Emerging-Market Borrowers Raising Cash in Pounds at a Record Rate
The U.S. dollar is still king, and the euro its main challenger, but the British pound is fast becoming a funding currency of choice for many emerging-market borrowers.
Issuers from developing nations have raised 1.93 billion pounds ($2.48 billion) this year, according to data compiled by Bloomberg. That’s the highest-ever bond sales in the currency during the first 50 days of any year, and already equal to 58% of the record full-year issuance in 2007.
The election of a majority government and Britain’s exit from the European Union on Jan. 31 ended four years of Brexit-related uncertainty. Political stability is keeping the pound steady, while rate-cut bets and falling hedging costs are luring borrowers. For investors, the ability to earn between 60 and 235 basis points over U.K. borrowing costs, depending on the tenor, is the main attraction.
This is only the fifth time in the past 22 years when there was any pound borrowing at all by emerging markets this time of the year. Bond sales in the past seven weeks exceed even the full-year issuance on 18 of those years. That signals the pound is becoming more of a trendy choice: total issuance since 2016 has reached £7.4 billion.
That’s still a tiny share of all emerging-market borrowing. The U.S. dollar dominates the scene, with $136 billion since the start of 2020. Issuers have also raised 17 billion euros ($18.3 billion) of debt. But the following factors suggest the pound may gain a bigger share of developing-nation debt markets:
Freedom From Dollar
Borrowers have been looking to diversify their sources of funds to protect cash flows from sudden currency movements, especially against the dollar, and monetary-policy uncertainty. Dependence on dollar markets can bring quick and immense pressure on borrowers, as a seven-year streak of depreciation in the Turkish lira shows.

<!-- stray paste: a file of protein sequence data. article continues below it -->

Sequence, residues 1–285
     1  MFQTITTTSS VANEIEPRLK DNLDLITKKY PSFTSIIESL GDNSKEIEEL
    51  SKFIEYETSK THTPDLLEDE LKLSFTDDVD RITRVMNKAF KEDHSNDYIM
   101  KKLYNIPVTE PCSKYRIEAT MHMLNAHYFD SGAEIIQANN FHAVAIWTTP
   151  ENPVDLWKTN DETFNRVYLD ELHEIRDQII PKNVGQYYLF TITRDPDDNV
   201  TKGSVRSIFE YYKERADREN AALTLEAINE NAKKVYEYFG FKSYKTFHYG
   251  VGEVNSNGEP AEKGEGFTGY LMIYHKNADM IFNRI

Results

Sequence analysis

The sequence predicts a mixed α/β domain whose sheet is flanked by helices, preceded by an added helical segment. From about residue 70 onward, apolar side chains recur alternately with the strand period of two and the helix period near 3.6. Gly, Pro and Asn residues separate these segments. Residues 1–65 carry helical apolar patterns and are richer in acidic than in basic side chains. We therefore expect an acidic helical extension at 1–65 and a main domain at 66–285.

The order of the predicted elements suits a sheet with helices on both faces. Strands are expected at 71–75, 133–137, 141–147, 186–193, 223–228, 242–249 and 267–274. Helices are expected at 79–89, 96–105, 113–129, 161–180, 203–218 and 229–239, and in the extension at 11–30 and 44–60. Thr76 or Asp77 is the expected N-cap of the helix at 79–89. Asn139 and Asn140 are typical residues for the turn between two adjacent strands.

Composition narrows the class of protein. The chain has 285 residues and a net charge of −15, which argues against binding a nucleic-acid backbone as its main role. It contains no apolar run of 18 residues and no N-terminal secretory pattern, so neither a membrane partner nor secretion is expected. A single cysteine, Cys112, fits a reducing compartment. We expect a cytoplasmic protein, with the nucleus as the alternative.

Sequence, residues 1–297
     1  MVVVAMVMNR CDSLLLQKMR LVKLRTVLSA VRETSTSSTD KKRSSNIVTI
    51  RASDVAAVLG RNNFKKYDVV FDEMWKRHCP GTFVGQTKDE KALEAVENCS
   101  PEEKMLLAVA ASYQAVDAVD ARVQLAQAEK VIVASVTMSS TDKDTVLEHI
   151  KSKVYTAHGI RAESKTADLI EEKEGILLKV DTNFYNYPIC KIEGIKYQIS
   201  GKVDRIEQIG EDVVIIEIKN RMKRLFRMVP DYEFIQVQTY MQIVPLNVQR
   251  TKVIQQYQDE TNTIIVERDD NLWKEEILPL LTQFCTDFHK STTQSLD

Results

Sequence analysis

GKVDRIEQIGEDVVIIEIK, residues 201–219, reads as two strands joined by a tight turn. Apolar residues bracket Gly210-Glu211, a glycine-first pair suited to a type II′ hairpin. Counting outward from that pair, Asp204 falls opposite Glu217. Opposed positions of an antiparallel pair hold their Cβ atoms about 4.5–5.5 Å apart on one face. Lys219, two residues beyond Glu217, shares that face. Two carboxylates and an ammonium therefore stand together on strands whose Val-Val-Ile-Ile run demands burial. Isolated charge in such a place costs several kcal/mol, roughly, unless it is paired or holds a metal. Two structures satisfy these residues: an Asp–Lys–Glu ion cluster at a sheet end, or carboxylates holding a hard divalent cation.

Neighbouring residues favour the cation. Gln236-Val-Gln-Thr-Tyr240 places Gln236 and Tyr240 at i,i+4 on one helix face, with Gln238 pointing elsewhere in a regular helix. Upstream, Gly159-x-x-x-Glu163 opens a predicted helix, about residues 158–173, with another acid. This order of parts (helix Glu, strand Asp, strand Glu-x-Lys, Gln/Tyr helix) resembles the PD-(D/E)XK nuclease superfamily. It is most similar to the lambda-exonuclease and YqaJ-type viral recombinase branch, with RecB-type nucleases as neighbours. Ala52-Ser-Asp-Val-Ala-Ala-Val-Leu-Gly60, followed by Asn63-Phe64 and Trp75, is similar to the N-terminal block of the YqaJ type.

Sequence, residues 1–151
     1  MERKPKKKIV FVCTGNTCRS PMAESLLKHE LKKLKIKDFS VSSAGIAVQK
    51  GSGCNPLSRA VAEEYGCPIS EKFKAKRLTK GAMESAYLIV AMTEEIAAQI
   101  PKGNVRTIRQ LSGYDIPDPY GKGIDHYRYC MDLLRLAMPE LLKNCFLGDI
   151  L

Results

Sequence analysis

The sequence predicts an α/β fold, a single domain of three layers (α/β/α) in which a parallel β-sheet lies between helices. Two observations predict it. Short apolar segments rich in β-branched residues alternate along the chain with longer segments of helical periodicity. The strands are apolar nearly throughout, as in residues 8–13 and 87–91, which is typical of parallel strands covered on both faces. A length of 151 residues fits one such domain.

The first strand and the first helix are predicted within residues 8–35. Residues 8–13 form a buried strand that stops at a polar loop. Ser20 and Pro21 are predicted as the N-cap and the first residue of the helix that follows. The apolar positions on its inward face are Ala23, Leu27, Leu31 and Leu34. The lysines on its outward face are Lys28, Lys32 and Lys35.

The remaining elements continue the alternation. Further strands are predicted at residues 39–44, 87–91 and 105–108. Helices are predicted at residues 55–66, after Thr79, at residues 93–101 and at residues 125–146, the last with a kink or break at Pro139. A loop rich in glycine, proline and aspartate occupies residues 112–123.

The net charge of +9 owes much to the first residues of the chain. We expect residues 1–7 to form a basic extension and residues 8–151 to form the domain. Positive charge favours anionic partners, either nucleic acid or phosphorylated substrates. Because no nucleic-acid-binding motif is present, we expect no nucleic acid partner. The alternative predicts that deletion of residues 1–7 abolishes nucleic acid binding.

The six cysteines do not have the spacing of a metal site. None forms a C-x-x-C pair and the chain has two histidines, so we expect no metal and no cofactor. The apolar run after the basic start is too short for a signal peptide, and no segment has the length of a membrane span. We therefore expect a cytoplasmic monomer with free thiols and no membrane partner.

The pound, wedged between the U.S. and Europe on the scale of borrowing costs, offers a balanced exposure to cheap money and relative exchange-rate stability.
“GBP issuance is part of a global trend of diversifying away from dollars and euros,” said Richard Segal, a senior analyst at Manulife Investment Management in London. “From the issuer’s perspective yields have declined, like in other G7 countries, and it’s an opportunity to diversify the investor base. Plus the general level of uncertainty has declined after the last elections.”
Currency fluctuations are not the only thing worrying issuers. U.S. policy on foreign affairs and trade has exposed them to the risk of sanctions and other punitive actions. For instance, companies in China not only face the burden of high tariffs on exports to the U.S., but also have to contend with concerns about market access if relations worsen.
“U.S. international economic policy has been instrumental in encouraging borrowers to think opportunistically,” said Segal. “Emerging issuers cannot ignore the future risk of sanctions on governments or trade wars even if they aren’t worried about that imminently.”
Since the U.K. voted to leave the EU in June 2016, borrowers have found the cost of hedging their pound liabilities become more expensive relative to the dollar. But those costs, measured by cross-currency swaps, are declining now.
A bond issuer seeking a swap hedge would pay a dollar interest rate and receive corresponding pound rates. In the three-month market, that difference kept rising since the Brexit vote and was the most expensive at the end of 2018. Since then, it has fallen.
While that cost may fluctuate in the future, a desire to reduce dollar liabilities and seek refuge from U.S. foreign-policy surprises may make emerging-market borrowers see the pound as a white knight. A rate cut by the Bank of England or an economic boost from Prime Minister Boris Johnson’s fiscal largesse would add to the glamor.
The pound strengthened 0.4% against the dollar on Friday.
©2020 Bloomberg L.P.